Humane society tries to rescue stranded Mary Landrieu

Featured image Noting that the Democratic Senatorial Campaign Committee, among many others, has abandoned Mary Landrieu, Sean Sullivan and Karen Tumulty of the Washington Post describe Landrieu’s lonely last days as a Senator this way: So with the odds stacked heavily against her, Ladndrieu soldiers on virtually alone — this year’s political equivalent of those holdout Japanese infantrymen who were discovered waging war on remote Pacific islands decades after World War II »

THE JUDICIAL FILIBUSTER AND THE FALLACY OF “UNILATERAL DISARMAMENT”

Featured image Politico reports what’s been pretty clear for weeks — Republicans are unlikely to reverse Harry Reid’s elimination of the filibuster of presidential nominees. My preference was to reinstate the filibuster for the reasons I presented here. However, I understand the arguments for keeping it, and consider the issue a close call. What bothers me is the mantra that reinstating the filibuster would amount to “unilateral disarmament” by Republicans. It’s an »

In Louisiana, It’s Bill Cassidy Against Barack Obama

Featured image As Scott has noted, Mary Landrieu is desperately trying to hang on to her Senate seat by distancing herself from President Obama, while at the same time catering more quietly to his few remaining admirers. But the reality is that as a Democrat, she can’t hide from Obama’s toxic legacy. We have praised, a couple of times, the terrific work being done by Conservative War Chest. They are currently running »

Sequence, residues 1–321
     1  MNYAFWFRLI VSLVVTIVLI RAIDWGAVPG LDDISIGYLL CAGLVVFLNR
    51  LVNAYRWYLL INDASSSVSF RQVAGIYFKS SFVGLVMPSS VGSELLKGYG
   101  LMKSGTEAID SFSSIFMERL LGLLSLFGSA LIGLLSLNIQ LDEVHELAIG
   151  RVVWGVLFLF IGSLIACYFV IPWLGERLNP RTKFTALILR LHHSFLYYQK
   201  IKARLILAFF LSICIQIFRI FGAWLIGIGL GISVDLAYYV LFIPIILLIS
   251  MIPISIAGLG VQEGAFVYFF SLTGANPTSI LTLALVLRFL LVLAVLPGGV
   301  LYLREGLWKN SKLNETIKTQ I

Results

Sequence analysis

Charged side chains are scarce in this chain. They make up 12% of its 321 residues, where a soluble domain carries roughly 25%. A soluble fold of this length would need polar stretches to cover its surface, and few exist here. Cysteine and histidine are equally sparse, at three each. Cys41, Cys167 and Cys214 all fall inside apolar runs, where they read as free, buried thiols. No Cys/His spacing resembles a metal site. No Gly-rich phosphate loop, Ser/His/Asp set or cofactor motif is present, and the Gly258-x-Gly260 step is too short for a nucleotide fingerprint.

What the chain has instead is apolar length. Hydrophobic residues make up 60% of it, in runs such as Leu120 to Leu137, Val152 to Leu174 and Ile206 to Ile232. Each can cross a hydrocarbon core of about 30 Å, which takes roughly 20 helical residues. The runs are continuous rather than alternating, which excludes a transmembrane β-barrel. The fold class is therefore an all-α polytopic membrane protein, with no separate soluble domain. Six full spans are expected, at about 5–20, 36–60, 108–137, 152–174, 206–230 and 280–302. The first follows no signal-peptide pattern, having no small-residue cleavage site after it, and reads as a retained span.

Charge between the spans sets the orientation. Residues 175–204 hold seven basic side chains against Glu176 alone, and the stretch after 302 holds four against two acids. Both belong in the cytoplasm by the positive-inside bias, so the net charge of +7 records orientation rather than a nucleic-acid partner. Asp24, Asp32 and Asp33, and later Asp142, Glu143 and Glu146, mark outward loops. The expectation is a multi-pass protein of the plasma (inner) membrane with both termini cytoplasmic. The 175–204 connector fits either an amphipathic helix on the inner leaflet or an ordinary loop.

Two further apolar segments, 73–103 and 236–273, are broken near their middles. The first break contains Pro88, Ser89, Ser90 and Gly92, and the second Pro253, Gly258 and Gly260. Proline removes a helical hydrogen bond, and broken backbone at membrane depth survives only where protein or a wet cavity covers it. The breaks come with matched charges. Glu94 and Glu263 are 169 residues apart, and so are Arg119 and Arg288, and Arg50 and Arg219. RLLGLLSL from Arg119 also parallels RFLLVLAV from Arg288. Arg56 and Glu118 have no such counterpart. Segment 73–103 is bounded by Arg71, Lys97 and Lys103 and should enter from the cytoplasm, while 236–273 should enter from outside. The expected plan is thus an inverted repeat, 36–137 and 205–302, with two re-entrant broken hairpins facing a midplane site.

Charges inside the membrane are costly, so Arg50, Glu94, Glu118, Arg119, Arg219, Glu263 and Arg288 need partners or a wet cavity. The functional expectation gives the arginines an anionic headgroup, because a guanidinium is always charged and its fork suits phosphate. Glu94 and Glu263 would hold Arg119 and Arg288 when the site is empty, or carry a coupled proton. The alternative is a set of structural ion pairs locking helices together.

The two faces of Mary

Featured image Louisiana’s Obama-loving black citizens represent Mary Landrieu’s best hope for reelection to the Senate seat Landrieu holds. They are Mary’s prayer. But she can’t win only with their votes. She also needs the votes of a substantial percentage of Obama-disapproving white voters. Mary’s prayer must include a message intended for their ears. The two faces of Mary’s prayer are in tension. Indeed, they are unreconcilable. Politico’s James Hohmann catches the »

Is Mary Landrieu in Blanche Lincoln territory?

Featured image This weekend I searched for recent polling of the Louisiana Senate runoff race, which will be held this coming Saturday. I hadn’t seen anything since a November 20 Rasmussen poll that had Rep. Cassidy leading Sen. Landrieu by 15 points. Alas, I found nothing more recent. Perhaps the pollsters have concluded that this is no longer a competitive race. Confirmation that the race may well effectively be over came this »

Lindsey Graham, you are the weakest link